The health of the eye seems to demand a horizon. We are never tired, so long as we can see far enough. ― Ralph Waldo Emerson, Nature and Selected Essays. (Penguin Classics; Reissue edition May 27, 2003) Originally published 1836.
The mind, once stretched by a new idea, never returns to its original dimensions. ― Ralph Waldo Emerson
There is a melody born of melody, Which melts the world into a sea — Ralph Waldo Emerson, from “Fate,” The Conduct of Life (Ticknor & Fields, 1860)
For every minute you are angry you lose sixty seconds of happiness. ― Ralph Waldo Emerson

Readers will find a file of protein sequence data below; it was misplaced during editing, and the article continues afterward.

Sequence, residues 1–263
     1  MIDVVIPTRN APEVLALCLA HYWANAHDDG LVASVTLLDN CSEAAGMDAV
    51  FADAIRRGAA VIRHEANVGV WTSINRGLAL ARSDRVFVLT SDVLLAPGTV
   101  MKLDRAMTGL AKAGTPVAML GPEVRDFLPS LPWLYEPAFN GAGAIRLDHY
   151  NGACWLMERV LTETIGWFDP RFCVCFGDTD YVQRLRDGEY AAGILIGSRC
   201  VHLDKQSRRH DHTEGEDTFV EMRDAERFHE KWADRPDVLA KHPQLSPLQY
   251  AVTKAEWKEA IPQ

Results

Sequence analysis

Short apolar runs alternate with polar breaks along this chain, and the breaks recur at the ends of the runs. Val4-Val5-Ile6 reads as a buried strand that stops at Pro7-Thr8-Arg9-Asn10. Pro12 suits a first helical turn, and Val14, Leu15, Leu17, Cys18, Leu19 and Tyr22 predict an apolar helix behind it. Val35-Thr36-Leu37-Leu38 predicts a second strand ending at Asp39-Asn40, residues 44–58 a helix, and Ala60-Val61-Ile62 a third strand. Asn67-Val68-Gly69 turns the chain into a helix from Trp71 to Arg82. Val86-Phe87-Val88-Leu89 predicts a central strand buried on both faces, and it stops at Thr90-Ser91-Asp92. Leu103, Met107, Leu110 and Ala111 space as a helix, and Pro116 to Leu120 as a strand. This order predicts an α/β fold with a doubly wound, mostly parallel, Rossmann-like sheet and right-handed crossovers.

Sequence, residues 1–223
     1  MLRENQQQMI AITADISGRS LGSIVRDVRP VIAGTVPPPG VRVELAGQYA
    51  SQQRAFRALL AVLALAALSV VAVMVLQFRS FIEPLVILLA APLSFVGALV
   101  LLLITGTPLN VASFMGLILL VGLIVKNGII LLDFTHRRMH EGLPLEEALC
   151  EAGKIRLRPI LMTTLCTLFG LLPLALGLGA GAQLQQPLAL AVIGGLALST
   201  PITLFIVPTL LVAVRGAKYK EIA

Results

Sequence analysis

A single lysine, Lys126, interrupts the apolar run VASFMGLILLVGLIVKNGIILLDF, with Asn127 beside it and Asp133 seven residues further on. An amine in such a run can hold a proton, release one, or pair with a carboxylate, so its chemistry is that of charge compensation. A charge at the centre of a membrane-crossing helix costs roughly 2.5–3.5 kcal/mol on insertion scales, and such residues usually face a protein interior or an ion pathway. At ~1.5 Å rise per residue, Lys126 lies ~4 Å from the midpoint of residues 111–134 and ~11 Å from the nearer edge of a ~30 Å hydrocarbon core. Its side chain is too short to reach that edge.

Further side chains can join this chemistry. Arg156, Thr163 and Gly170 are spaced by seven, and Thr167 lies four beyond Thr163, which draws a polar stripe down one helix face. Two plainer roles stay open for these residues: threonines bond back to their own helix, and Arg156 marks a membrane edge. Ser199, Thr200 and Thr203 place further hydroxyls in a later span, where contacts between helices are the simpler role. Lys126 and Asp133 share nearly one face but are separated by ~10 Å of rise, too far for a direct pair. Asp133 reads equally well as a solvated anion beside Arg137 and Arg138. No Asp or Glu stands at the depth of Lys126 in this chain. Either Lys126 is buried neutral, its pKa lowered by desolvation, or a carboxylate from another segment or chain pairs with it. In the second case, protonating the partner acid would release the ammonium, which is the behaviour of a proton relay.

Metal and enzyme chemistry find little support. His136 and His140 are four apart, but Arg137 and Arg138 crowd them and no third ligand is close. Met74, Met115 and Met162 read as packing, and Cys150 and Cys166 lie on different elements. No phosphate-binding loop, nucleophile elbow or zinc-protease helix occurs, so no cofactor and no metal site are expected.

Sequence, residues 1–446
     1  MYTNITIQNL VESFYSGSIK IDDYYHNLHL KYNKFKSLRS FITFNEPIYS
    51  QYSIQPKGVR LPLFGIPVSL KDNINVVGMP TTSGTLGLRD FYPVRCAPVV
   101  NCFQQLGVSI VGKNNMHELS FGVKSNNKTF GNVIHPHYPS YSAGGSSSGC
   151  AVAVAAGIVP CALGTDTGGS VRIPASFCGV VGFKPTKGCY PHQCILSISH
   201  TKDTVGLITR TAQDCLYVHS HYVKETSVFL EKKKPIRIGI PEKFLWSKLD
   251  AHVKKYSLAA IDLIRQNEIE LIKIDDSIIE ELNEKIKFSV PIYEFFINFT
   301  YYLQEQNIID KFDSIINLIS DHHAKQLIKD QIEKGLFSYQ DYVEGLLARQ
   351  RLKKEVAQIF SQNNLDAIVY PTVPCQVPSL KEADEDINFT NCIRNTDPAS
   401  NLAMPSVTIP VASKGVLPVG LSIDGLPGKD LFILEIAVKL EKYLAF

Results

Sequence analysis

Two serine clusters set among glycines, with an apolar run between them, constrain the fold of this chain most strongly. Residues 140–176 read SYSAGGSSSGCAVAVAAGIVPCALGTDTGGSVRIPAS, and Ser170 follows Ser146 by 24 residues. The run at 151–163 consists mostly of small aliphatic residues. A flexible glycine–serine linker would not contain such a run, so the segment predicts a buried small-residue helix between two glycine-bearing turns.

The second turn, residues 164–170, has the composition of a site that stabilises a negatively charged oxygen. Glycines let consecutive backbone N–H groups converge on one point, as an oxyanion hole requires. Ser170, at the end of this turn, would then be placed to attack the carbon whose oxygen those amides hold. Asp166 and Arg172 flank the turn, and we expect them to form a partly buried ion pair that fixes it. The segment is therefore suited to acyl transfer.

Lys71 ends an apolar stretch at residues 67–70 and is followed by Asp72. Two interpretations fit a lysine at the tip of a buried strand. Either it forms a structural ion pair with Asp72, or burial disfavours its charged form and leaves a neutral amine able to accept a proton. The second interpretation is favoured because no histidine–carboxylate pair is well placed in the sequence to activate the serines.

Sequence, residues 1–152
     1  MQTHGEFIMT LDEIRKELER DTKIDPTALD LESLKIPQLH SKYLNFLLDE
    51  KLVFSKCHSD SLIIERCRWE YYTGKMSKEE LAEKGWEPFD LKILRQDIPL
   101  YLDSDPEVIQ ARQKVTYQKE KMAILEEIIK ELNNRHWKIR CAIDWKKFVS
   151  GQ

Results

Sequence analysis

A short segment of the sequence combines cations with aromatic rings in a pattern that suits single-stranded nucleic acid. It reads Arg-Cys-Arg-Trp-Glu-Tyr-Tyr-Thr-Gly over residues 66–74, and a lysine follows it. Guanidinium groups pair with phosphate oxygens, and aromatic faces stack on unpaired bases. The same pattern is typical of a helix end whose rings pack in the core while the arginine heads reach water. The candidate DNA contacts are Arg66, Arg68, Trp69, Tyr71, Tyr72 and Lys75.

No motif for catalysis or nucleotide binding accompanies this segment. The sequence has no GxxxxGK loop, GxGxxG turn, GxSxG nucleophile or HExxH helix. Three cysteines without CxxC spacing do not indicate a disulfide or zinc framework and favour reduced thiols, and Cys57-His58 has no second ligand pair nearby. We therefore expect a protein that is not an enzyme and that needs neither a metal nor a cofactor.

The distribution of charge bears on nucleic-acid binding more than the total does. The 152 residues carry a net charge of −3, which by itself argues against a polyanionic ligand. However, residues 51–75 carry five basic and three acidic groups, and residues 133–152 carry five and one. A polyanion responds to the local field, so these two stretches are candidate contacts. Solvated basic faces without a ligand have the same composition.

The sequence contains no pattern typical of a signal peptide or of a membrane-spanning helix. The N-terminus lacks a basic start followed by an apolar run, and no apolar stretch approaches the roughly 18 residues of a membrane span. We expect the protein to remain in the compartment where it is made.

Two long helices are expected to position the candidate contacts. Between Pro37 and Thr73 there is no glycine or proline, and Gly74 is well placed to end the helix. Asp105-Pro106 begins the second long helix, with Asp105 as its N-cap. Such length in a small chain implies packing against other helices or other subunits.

If the imagination intoxicates the poet, it is not inactive in other men [or women]. The metamorphosis excites in the beholder an emotion of joy. The use of symbols has a certain power of emancipation and exhilaration for all men. We seem to be touched by a wand which makes us dance and run about… Continue reading Ralph Waldo Emerson
There is a time in every man’s education when he arrives at the conviction that envy is ignorance; that imitation is suicide; that he must take himself for better, for worse, as his portion; that though the wide universe is full of good, no kernel of nourishing corn can come to him but through his… Continue reading Ralph Waldo Emerson
It is an odd jealousy: but the poet finds himself not near enough to his object. — Ralph Waldo Emerson, from “Nature,” Nature and Selected Essays (Penguin Classics, 2003)